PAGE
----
The new AP Engineering course will be useful only if it is integrated into a program that includes AP Calculus and AP Physics

Engineering, computer science and physics majors consistently dominate rankings of salaries earned by recent college graduates (for example, see “The Economic Guide To Picking A College Major” posted on on September 12 of this year). Recently, Rep. Derek Kilmer (D-WA) has been organizing a Congressional effort to urge the National Science Foundation to continue its efforts to promote Advanced Placement (AP) courses in Computer Science and Engineering. The AP Computer Science course has been offered by the College Board for many years. Few students have been taking it, although a recent campaign by an organization called to promote computer science education, and specifically to promote AP Computer Science, shows signs of success. The organization is financially supported by Amazon, Google and Microsoft, among others.

The AP Engineering course is still in the development phase and is scheduled for rollout in fall of 2016. Unfortunately, the efforts to promote careers in engineering and computer science via the AP program have neglected two other subjects – calculus and physics – that are foundational for engineering and computer science. While the percentage of 2013 high school graduates having a passing score on the AP Computer Science exam is frustratingly tiny (0.47%), the percentages of high school grads with passing scores on the algebra-based AP Physics B exam and calculus-based AP Physics C Mechanics exams are also small (1.37% and 0.78%, respectively). Only 4.3% of 2013 high school grads had earned a passing score on the AP Calculus AB exam, which is equivalent to Calculus 1 at many colleges and universities. (These statistics are from the 2014 AP Report to the Nation)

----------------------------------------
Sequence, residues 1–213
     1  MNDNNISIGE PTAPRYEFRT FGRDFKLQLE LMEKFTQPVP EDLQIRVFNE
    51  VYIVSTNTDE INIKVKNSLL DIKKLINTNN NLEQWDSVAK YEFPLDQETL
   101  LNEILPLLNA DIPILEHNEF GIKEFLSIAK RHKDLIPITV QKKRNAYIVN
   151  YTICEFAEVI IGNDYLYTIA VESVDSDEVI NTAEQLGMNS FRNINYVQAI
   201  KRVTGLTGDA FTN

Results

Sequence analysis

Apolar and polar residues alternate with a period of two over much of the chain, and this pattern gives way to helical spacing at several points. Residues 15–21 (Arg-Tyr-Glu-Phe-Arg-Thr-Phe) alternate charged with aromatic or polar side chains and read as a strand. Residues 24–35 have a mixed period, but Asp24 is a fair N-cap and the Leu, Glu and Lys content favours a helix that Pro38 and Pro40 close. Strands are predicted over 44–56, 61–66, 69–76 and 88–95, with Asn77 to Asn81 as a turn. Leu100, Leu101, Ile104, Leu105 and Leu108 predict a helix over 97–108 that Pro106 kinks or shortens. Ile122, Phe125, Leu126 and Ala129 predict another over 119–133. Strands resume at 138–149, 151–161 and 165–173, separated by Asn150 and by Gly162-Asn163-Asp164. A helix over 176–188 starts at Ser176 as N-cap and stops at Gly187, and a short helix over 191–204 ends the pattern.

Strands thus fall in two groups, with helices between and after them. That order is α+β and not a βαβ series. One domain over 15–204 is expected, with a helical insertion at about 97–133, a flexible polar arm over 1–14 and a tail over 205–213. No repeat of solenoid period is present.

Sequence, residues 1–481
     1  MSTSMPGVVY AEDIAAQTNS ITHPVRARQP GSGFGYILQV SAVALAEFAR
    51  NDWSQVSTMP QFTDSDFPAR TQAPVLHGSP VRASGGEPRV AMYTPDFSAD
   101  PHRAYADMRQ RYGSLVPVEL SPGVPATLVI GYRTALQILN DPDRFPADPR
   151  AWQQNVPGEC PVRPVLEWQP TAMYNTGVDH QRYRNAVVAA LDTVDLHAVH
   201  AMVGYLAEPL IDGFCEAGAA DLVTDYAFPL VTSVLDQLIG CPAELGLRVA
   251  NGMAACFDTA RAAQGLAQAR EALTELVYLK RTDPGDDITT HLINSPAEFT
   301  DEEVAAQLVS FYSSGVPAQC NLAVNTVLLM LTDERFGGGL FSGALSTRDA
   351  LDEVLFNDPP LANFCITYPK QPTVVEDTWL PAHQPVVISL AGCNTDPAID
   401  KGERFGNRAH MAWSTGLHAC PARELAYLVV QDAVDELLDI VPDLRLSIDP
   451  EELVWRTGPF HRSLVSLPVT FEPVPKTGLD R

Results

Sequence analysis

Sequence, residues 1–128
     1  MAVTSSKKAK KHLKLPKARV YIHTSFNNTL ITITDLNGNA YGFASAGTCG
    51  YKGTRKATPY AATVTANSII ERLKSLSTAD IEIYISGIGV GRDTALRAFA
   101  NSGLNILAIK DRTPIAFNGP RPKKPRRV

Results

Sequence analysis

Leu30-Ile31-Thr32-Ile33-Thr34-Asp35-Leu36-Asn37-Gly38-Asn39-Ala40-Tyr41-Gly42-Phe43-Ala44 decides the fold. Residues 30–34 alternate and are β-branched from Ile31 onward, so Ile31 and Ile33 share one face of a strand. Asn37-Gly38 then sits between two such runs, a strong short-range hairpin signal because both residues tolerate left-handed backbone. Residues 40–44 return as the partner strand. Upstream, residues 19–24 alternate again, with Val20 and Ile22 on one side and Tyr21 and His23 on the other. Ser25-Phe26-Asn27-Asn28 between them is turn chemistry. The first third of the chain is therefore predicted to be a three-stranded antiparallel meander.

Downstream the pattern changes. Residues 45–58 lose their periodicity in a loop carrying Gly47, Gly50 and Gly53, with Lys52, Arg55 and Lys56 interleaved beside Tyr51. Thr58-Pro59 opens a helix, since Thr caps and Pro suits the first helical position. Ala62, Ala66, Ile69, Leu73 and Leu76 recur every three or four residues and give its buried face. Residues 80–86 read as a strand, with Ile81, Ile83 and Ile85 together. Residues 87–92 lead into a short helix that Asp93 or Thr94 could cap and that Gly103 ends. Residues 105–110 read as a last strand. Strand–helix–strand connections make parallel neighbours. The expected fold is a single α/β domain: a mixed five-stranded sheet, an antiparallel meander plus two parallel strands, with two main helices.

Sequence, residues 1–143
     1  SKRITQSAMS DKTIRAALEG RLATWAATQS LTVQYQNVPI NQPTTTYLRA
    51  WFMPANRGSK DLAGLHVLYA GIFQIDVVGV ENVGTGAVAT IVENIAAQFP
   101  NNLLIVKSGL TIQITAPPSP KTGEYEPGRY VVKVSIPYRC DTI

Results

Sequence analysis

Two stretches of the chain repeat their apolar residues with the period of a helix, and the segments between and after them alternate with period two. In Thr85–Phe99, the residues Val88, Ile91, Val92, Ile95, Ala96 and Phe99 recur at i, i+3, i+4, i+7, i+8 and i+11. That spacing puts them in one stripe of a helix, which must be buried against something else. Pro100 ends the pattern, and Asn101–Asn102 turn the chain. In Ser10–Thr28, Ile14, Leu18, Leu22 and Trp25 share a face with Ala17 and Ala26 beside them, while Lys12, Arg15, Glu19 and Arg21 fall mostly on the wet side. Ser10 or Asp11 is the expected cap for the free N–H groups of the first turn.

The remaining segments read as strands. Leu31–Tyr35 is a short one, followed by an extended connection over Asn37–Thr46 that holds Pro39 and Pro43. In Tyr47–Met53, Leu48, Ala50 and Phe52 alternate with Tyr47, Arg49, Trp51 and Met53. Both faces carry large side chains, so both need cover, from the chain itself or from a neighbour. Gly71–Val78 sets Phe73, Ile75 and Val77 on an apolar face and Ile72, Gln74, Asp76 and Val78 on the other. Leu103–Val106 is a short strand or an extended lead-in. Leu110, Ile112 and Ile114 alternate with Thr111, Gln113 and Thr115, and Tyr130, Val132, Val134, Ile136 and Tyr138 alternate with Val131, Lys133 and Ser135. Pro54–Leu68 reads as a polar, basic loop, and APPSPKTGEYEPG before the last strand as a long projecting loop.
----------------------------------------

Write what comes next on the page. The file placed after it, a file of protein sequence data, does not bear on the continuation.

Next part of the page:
If the nation intends to expand the percentage of college graduates that have majors in engineering, computer science and physics beyond the present levels (in 2011 they were 4.5% in engineering, 2.5% in computer science and 0.30% in physics, according to the NSF Science and Engineering Indicators) then AP courses in calculus and physics must become much more heavily subscribed. There seems to be plenty of potential for growth in AP Calculus AB since as of 2011 47% of 8th graders in the US were enrolled in Algebra 1 or a higher level course (Brookings Institution, September 2013). There is also potential for strong growth in AP Physics with the arrival of the new AP Physics courses (AP Physics 1 and 2) this school year. In particular, AP Physics 1 is intended to replace Honors Physics in American high schools.

Given the unmet demand (and associated high salaries) for engineers and computer scientists, it is clear that an expansion of AP Computer Science and the availability of an AP Engineering course would be positive developments for the nation’s high school students. But it would be unwise for the College Board and organizations associated with the engineering and computer science industries to promote these courses without also promoting AP courses in calculus and physics. In fact, the most prudent course for all these organizations would be to promote a high school program that includes all four of these courses – AP Calculus AB, AP Physics 1, AP Engineering and AP Computer Science – to the entire top quartile of American high school students.

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